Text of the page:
Our public art program has been producing artist-initiated projects since 2009. Emerging and established artists are invited to expand their art practice into the public realm and propose new artworks that contemplate the city, its defining features, spaces, and neighbourhoods.
These opportunities provide chances to create public art outside the limits of a predetermined site, theme, or medium, and allow for the exploration of all forms of public art and all parts of the city.
2017 artist-initiated commissions
In May 2017, an open call was made for the City's third artist-initiated opportunity. A panel of curators and artists reviewed 189 applications and made a shortlist of artists who were then supported in developing their ideas into full proposals. From those proposals, the panel recommended commissioning six new projects.
Artists were selected based on their skills and potential, quality and innovation of the proposed work, relevance to Vancouver, and clarity of vision in relation to public space.
Anne Riley and Cease Wyss
Anne Riley and Cease Wyss propose to plant Indigenous Healing Gardens on the sites of several former gas stations.
The gardens will mitigate toxic soil conditions and work to re-Indigenize the city, as well as provide a place to gather, heal, and talk about common issues. The artists will work with youth and others to teach about indigenous healing plants and to tend the gardens.
Brady Cranfield is developing "Weekend Chime," a contemporary take on the factory whistle, once a signal for workers to down tools and leave work.
Cranfield's work will use the technology used in church bell towers to sound a chime at 5pm every Friday, pitched to a familiar interval from "Working for the Weekend," the '80s classic by Vancouver-based band Loverboy.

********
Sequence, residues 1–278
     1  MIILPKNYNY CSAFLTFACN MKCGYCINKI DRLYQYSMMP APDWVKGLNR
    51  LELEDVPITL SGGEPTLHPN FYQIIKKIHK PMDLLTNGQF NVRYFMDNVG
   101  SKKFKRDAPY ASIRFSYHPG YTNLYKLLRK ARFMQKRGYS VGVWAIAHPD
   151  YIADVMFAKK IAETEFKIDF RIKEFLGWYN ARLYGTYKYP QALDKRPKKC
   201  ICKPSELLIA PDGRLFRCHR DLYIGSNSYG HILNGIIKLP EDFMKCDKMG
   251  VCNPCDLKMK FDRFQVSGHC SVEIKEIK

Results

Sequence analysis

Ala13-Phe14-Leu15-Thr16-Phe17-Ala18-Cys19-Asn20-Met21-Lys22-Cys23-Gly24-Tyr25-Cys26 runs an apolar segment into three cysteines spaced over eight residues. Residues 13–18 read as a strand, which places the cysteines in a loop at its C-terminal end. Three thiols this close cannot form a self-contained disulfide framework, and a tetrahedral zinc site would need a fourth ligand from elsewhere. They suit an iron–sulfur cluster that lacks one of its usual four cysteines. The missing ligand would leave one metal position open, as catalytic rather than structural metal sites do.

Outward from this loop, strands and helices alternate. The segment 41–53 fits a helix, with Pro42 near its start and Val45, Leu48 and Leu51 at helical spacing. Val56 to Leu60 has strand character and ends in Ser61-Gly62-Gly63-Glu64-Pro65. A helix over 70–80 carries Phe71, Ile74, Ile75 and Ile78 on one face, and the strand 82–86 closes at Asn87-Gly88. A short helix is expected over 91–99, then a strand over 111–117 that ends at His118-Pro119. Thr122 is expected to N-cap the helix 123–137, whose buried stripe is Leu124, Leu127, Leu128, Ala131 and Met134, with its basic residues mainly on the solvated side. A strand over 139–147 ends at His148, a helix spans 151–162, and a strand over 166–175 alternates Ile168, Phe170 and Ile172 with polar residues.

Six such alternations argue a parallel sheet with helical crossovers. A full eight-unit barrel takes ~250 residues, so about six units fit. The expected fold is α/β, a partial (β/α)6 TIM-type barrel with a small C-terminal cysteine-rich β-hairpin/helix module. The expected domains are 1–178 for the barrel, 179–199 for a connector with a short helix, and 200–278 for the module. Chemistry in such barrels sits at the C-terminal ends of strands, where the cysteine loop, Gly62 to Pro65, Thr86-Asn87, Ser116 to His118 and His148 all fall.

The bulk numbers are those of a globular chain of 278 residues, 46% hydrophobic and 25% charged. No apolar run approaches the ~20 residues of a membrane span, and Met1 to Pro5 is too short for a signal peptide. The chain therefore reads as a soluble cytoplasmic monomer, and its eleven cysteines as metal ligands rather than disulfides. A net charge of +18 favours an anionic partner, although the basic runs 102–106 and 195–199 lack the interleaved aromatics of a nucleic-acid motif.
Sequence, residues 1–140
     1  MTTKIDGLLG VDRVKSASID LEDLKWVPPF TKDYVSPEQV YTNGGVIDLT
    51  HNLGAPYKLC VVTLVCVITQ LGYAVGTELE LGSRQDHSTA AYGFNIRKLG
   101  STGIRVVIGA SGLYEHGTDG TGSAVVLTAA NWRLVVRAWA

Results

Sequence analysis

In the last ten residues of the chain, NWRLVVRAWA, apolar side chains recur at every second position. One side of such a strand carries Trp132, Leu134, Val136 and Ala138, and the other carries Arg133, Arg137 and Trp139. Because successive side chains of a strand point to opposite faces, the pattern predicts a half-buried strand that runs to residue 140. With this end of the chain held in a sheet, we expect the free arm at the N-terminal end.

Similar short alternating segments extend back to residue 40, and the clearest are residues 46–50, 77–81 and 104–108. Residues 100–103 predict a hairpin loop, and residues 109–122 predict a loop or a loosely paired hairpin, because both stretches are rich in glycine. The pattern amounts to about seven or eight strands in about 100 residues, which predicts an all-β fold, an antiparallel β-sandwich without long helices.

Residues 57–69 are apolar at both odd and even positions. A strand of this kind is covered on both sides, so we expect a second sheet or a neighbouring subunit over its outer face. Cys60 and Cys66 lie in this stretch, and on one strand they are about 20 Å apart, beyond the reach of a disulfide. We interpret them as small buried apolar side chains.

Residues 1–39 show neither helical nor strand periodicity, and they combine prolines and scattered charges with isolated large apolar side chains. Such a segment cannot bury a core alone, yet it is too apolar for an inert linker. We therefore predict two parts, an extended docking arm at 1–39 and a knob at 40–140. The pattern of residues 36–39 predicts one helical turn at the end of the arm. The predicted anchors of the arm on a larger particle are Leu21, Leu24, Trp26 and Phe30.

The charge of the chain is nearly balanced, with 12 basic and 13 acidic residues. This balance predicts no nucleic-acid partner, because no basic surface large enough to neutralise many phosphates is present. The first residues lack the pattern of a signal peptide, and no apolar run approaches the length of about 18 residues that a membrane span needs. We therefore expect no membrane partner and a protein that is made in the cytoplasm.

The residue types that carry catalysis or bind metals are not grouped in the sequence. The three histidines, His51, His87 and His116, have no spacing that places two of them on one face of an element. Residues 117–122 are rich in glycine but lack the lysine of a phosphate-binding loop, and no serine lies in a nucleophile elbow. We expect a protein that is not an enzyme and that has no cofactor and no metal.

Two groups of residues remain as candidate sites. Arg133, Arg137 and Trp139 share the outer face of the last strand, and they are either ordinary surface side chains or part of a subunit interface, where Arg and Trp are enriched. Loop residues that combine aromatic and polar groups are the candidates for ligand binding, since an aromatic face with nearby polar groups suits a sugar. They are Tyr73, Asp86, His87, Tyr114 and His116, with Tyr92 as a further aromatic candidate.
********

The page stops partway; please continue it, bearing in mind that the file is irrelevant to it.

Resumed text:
In a time where the 40-hour work week's rhythms have been disrupted by the gig economy, the decline of union jobs, and round-the-clock connectedness, Cranfield's piece suggests, once a week, that maybe we should be doing something else with our time now.
Diyan Achjadi is interested in inserting a series of hand-pulled prints into the public realm where digital images thrive.
The prints will show simple objects, often seen on construction sites, and will be installed on temporary construction walls in the city. Contrasting the hand-pulled prints with the glossier advertising posters typically found on hoardings, Achjadi's series will be a monthly abstract dispatch published throughout the city.
She will also produce a book or portfolio of the series at the end of the project.
Helen Reed and Hannah Jickling
For Big Rock Candy Mountain, their project initiated with Other Sights for Artists' Projects, Reed and Jickling have been collaboratively working with students at an elementary school in East Vancouver.
Their artist-initiated project will extend their exploration of aesthetics, economics and politics, age-specific taste and taboos - using the medium of candy. As part of this work, they have expanded the field of public art and the artist edition to include chocolate bars, and, for this new project, chewing gum.
During a year-long residency at Dr. Sun Yat-Sen Chinese Classical Garden the artist will present a series of discreet works and interdisciplinary exhibitions exploring memory and loss for the Cantonese-speaking generations of Chinese-Canadians who settled and developed Vancouver's Chinatown.
The starting point for research for these artworks is over 700 letters hand-written in Chinese by 90 writers over decades to the artist's mother, Suk-Fong Wong, and an archive of 50 hours of video recorded with her between her diagnosis with dementia in 2011 and her passing in 2016.
Vanessa Kwan proposes a group of bronze sculptures in a public park- oversized depictions of overgrown houseplants: the Two-Headed Aloe Vera, the Top-Heavy Day Lily, and the Overgrown Succulent.
Kwan uses these plants as a metaphor for Vancouverites struggling to cope with inadequate living arrangements as the city grows increasingly unaffordable.
Set in a park surrounded by older apartment buildings, Kwan's sculptures will also support useful park structures such as benches, offering rest and comfort to city-dwellers seeking fresh air in small neighbourhood parks.